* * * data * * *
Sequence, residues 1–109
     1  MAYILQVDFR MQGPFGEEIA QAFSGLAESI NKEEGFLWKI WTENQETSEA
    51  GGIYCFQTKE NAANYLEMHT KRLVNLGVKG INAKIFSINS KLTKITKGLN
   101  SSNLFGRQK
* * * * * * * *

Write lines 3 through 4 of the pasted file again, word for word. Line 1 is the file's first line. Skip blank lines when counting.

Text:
    51  GGIYCFQTKE NAANYLEMHT KRLVNLGVKG INAKIFSINS KLTKITKGLN
   101  SSNLFGRQK